“For there is one God and one mediator between God and men, the man Christ Jesus, who gave himself as a ransom for all men—the testimony given in its proper time.”- 1 Timothy 2:5-6

I began to contemplate and pray over that verse. The thing that jumped out at me was how differently Paul uses the word “testimony” than we do.
Today, we’d use the word “testimony” to describe a series of words, a monologue where we describe what Jesus has done for us. Our reason for offering up a testimony is usually to convert others. Often times we recognize that we need to do more than offer up words, but the thing is this: we still use “testimony” to describe the words we use. We say things like “We need to act Christ-like and then offer our testimony once we’ve built trust.” Testimony and action are seperate things.
The thing I notice is that the ransom is the testimony. This means, at the bare minimum, testimony and action are one and the same. If Jesus ransom of me is part of his testimony, then the things I do (and not just the words I say) are part of mine. On this understanding, the statement above is quite redundant. I wouldn’t act Christ-like first and then offer my testimony. I’d act Christ-like (partially) because it’s part of my testimony.
Perhaps there’s an even wider observation to be made. Sometimes I feel like we obsess on the cross. It’s as if the teachings before, they were a nice little appetizer. And the reseruction after was a tasty desert. But the crucifixion itself: that’s the meat and potatoes, that’s the entree itself.
In short, We identify those few hours as the atonement itself, usually.
But if we take this verse seriously it seems like there is an implication. If the testimony of Jesus is the same thing as his ransom of us, then the atonement took much longer than those few hours that Jesus hung on the cross. It was begun before his birth and it continued after his death. The atonement is ongoing, today, and Jesus teachings, both pre-Easter and post-Easter, these are intregal parts of the atonement itself.
There’s probably all sorts of implications for us in this. If we take this holistic view of what testimony is, then the very act of conversion becomes a wider drama, not a thing we can locate at only one place and time.
Choosing to follow Christ is just as important as the crucifixion itself. But these are both singular actions which exist in a wider drama.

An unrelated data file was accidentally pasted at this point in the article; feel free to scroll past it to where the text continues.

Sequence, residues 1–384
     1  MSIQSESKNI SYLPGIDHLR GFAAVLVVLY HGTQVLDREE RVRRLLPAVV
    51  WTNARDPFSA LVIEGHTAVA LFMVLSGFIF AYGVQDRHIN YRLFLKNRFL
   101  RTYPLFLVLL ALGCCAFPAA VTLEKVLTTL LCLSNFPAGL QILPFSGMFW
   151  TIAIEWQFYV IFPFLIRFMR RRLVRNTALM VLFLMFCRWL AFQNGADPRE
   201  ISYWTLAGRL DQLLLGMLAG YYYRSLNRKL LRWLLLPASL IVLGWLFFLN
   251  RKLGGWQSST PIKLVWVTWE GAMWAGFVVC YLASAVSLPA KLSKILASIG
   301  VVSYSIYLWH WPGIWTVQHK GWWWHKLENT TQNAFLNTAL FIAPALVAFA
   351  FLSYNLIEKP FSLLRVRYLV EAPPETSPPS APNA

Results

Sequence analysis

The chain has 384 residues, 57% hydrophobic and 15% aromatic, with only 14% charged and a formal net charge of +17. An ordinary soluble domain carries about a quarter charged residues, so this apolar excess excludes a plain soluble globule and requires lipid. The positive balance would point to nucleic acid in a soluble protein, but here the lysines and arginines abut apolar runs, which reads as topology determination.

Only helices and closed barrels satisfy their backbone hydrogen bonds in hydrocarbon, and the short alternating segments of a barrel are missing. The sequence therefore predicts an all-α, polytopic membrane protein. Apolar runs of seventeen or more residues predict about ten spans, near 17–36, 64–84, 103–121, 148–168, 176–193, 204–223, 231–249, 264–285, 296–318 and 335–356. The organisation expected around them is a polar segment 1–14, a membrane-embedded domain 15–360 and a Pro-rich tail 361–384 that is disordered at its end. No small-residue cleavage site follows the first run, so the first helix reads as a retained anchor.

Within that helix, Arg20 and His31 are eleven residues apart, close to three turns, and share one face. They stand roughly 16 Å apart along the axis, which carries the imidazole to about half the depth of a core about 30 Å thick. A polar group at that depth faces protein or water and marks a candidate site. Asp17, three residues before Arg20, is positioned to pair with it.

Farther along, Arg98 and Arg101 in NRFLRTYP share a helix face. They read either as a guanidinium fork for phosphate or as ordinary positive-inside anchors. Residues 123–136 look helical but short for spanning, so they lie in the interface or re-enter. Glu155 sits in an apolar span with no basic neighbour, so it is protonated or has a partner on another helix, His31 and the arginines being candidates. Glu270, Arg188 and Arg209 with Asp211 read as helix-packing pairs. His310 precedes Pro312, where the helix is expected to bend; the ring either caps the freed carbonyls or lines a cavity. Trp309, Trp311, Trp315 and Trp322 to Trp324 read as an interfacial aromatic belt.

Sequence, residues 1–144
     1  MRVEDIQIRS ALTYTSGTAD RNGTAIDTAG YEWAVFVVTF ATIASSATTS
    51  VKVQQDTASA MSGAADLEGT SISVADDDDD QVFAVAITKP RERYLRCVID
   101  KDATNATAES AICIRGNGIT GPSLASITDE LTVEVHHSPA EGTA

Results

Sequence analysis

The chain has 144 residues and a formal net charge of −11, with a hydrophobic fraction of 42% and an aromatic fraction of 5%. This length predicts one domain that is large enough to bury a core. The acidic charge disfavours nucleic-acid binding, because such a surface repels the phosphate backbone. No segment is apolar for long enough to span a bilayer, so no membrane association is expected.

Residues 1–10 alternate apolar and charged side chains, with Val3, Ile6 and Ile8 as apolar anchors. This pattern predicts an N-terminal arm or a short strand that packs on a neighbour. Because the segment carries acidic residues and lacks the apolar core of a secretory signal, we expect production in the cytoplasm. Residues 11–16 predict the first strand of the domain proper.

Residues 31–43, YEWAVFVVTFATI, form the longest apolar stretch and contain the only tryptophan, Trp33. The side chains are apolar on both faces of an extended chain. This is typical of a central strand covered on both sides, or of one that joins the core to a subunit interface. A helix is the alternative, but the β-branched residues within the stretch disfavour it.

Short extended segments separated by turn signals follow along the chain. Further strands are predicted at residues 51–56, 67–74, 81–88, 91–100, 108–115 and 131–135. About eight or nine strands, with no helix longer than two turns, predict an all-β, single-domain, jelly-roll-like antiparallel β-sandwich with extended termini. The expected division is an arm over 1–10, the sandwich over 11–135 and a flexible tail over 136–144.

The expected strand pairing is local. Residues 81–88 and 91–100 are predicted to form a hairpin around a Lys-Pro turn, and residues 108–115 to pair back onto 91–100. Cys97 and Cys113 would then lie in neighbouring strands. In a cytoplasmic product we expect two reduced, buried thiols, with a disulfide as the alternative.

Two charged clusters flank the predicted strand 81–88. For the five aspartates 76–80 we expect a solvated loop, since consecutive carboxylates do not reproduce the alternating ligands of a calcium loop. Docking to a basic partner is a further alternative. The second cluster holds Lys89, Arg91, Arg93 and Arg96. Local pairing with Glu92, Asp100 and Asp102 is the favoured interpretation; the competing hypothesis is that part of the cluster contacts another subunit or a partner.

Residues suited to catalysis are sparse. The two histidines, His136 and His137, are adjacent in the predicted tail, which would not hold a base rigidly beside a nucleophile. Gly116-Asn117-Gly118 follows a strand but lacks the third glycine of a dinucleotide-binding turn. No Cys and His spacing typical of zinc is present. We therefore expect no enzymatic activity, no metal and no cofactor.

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The stories that speak to our soul begin at a home where things are good. Cinderella is happy with her father. The three little pigs have grown up and are ready to move on. Bilbo Baggins knows his shire. Adam and Eve walk with God in the garden. My story isn’t much different. There was a time and a place where it was so good. There was a community for me. And there was joy. We were filled with a sincere desire to do what God wanted us to do. We possessed explanations and understandings that went a certain distance. We offered security and tradition and laughter. For a lot of years, that was enough. I have this sense that it was also necessary. I have this surety, now, that it certainly wasn’t everything. There were some things that became increasingly problematic as time went by. There was a desire to package things up so very neatly. Sunday morning services were efficient and strategic. Responses to differences of opinion were premeditated. Formula began to feel more important than being real. A real desire for everybody to be one of us, but also a real sense that there is an us, and there is a them. They carried a regret that it has to be this way, but deeper than this regret was a surety that this is how it is. I began to recognize that there was a cost of admission to that group. There were people who sat at the door, collecting it. Those people wished they didn’t have to. But I guess they felt like they did have to. They let some people in, and they left others out. There was a provisional membership. My friends did possess a desire to accommodate people that are different… But it would be best for everyone concerned if they were only a little bit different. I did make many steps forward in this place. Before I went there, there were lies that I believed. Some of the things that I learned there, I still hold on to. But that place is not my home anymore. Those people are not my community anymore. There were times it was hard. I am engaged in a different community now. And I am working hard at finding a place in many different places now, embracing many different kind of families. I don’t always get it right. I am trying and I am learning and I am moving foreward. I have this sense that I am not alone in these experiences. I believe that we are tribe and we are growing. We are pilgrims, looking for a new holy land. Perhaps we won’t settle on the same spot of land. But if you’ve read this far, I am thinking that we are probably headed in the same general direction. I have begun this blog to talk about where my journey is taking me. In every space, we find people who help us along. And maybe we can get to know each other, here. We embrace ideas that provide a structure for the things we believe, and perhaps we can share these too. Maybe we can form a group, a tribe, a community, if we can figure out a way to work through the shadow of these kinds of groups, if we can bigger than the us-and-them ideas that have caused so much trouble in the past. As important as they are, I think the very nature of online interactions will lend itself to something equally powerful. I am stumbling onto these practices that my grandfathers and great grandfathers in the faith engaged in. I am learning about these attitudes and intuitions are so different than the kinds of things we call doctrine today. I don’t know about you, but I am running out of patience, and even interest, in conversations about doctrine. I hope that maybe you’ll share a little something about where your journey is taking you, and maybe our common joys and challenges might help each other along, and we might lift each other up. Thanks for doing this journey with me.